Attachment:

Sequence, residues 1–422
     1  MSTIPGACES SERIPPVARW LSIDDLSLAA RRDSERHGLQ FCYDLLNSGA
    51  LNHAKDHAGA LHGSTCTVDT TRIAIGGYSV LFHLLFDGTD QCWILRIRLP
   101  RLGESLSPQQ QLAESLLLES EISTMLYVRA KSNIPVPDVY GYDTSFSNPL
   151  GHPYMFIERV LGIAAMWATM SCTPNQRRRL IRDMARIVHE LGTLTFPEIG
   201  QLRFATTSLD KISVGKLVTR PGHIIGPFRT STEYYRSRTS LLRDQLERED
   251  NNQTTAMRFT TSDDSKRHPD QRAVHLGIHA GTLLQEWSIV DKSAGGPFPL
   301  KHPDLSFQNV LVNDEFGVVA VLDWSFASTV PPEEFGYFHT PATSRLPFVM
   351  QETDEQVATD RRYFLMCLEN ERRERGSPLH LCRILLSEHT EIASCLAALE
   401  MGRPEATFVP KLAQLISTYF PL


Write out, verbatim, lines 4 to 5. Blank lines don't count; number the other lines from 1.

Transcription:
   101  RLGESLSPQQ QLAESLLLES EISTMLYVRA KSNIPVPDVY GYDTSFSNPL
   151  GHPYMFIERV LGIAAMWATM SCTPNQRRRL IRDMARIVHE LGTLTFPEIG